Limiting alcohol intake

Wednesday, June 5th, 2013 | In Information | Tags: ,

Limiting alcohol intake
~ Limiting alcohol intake ~

In ancient times, people have attributed a variety of health “benefits” to moderate consumption of fermented beverages such as wine and beer. Even today, alcohol is still being used around the world as part of modern and traditional medical preparations.

But it is not secret that excessive alcohol consumption is linked to increased risk of morbidity and mortality as well as home-and-work-related and traffic accidents. Gaziano and Buring (1998) suggest that a higher risk of death at heavy drinking level is due to increased risk of cancer, liver diseases, cardiomyopathy and stroke.

Heart disease
Many studies have shown that light to moderate alcohol consumption (one to two dinks per day) may reduce risk of cardiovascular disease (CVD). But a sharp increase in CVD is associated with three or more drinks per day.

However, Hansel et al (2012) claim that the latest research findings of CVD protection by alcohol consumption may be based partly on misclassification of research data. Since there is no current data directly support a cause-and-effect relationship between alcohol intake and cardiovascular health, it seems premature to promote wine consumption as a basis for CVD protection.

Wine does seem to raise the good high density lipoprotein cholesterol. (HDL-C) level and it also favorably influences thrombotic (blood clotting) factors. Indeed, Hansen et al (2005) estimate that wine (not other alcoholic beverages) consumption may improve HDL-C by 11% to 16% and fasting fibrinogen by 8% to 15%.

Additionally, it may exert beneficial effects on the heart by decreasing platelet agreeability. But studies have shown adverse effects too, particularly at higher doses. Blood pressure can be raised leading to hypertension and alcohol damages the myocardium leading to arrhythmias (irregular heartbeat) and myocardiopathy (heart muscle disorders).

The so-called French Paradox has led many to believe that wine is the only protective alcoholic beverage for CVD. While organic red wine may contain resveratrol and possesses antioxidants or anticoagulant effects, ecological studies have shown that other alcoholic beverages also have similar “benefits”.

This means that the so-called benefits of consuming a small quantity of alcohol could come from beer, whisky, brandy or rice wine. In general, to derive maximum benefits, the safe amount to consume is less than one drink a day for Asian men. The American Heart Association limits alcohol intake to no more than two drinks per day for men and one for women.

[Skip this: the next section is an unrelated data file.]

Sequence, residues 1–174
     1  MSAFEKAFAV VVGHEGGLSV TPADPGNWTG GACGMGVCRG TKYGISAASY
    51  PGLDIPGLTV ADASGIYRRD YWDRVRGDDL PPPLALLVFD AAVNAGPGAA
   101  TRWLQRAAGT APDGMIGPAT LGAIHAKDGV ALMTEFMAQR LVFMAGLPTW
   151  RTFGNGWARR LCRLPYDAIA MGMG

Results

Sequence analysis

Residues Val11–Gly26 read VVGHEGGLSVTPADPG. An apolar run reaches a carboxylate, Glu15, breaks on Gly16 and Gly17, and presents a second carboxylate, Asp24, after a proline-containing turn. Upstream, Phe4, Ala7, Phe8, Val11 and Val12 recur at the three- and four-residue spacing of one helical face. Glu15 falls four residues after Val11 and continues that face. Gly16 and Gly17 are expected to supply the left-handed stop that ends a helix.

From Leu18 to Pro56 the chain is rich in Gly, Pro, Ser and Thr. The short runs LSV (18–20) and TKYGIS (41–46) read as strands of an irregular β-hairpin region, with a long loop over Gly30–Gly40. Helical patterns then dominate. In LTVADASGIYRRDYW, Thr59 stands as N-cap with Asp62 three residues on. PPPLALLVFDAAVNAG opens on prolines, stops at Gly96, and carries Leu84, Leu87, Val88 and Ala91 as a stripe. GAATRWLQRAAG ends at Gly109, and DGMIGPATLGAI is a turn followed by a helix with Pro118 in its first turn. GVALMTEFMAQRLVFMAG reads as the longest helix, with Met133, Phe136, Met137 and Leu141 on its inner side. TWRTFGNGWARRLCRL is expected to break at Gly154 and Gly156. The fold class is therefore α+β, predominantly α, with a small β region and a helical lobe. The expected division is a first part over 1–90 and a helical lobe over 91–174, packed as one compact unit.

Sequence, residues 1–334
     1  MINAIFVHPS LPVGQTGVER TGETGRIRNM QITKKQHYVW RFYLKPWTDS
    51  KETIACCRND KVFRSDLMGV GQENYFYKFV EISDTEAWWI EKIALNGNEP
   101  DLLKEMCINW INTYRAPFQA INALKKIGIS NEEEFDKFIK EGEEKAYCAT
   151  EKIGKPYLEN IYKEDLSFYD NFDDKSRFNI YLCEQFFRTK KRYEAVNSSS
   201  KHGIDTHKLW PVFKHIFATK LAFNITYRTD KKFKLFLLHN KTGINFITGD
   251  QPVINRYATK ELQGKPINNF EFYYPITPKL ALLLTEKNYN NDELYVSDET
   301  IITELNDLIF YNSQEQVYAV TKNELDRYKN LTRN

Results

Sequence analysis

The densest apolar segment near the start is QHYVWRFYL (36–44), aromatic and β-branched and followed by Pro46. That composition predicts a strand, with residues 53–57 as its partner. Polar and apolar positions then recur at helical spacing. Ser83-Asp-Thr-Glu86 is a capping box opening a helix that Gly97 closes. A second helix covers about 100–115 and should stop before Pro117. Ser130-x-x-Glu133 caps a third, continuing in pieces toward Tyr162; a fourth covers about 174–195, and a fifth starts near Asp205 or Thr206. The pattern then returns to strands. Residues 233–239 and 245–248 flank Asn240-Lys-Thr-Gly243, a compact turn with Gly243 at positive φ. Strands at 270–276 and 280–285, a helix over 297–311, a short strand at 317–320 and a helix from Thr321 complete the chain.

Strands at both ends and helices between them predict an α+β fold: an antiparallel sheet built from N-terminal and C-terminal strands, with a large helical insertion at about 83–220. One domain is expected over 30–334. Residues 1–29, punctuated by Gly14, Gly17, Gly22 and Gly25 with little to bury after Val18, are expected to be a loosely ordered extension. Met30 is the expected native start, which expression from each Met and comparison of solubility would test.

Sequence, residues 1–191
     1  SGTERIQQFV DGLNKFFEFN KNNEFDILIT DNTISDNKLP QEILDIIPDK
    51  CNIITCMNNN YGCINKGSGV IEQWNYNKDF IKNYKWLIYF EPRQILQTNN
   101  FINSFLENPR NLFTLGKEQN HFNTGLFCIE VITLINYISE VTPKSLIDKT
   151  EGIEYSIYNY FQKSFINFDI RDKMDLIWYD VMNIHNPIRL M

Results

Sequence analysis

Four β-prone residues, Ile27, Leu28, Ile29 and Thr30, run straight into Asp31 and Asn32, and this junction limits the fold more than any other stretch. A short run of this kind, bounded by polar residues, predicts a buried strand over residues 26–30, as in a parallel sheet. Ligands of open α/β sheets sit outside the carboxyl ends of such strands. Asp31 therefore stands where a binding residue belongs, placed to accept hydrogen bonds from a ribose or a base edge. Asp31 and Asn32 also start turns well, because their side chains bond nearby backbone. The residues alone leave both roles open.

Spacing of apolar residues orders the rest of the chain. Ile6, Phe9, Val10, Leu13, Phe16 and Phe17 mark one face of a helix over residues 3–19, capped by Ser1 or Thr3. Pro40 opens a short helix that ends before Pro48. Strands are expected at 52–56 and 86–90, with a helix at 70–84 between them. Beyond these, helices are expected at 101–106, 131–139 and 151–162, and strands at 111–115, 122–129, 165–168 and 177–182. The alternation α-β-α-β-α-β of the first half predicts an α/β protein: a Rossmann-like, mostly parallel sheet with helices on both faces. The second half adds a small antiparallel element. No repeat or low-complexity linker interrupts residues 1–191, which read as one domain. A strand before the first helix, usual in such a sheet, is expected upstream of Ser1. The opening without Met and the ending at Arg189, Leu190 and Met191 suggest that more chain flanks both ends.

Liver disorders
Through the fermentation process, sugar is converted by yeast into alcohol. When alcohol is consumed, it is converted by liver enzymes back into sugar since our body treats alcohol as a poison. The liver may sustain accumulated damage during this conversion process through chronic consumption as evidenced by elevated liver enzymes and cirrhosis – a major prerequisite for hepatocellular carcinoma (liver cancer).

Like excessively sweet fruits, alcohol also strongly promotes the formation of fatty liver. Lipid (fat) accumulation and impaired regulation of immunity and impaired antiviral and autoimmune responses are considered to be the main mechanisms of alcoholic liver injury.

Cigarette smoking and chronic hepatitis B viral infection seem to be independently linked to increased risk of death from liver cancer since they do not seem to interact synergistically to worsen liver conditions.

Brain intoxication
According to Blanco and Guetti (2007), the brain is one of the major target organs of alcohol actions and its chronic and acute intoxication can result in major alterations in our brain structure and function and to neurodegeneration (gradual death of brain neurons).

Alcohol-related cancers
The international Agency for Research for Cancer classifies alcohol consumption as carcinogenic for humans. According to the European Code Against Cancer, any level of alcohol consumption increases the risk of developing an alcohol-related cancer. There seems to be no minimal risk level.

The metabolism of alcohol leads to the generation of acetaldehyde (AA) and free radicals. AA is likely to be responsible for alcohol-linked initiation and promotion of cancer. Unknown to many people, AA can also be produced by our oral and faecal bacteria. Smoking, which changes the oral bacterial flora and poor oral hygiene also increase AA levels.

Alcohol also raises estrogen levels responsible in part for breast and prostate cancers. Complementary medicine recommends that drinkers have their liver enzymes and tumor markers tested once a year. Only a licensed therapist should be consulted for adjunct treatment for elevated liver enzymes and for preventive measures against alcoholic damage.

Information via theSun newspaper.


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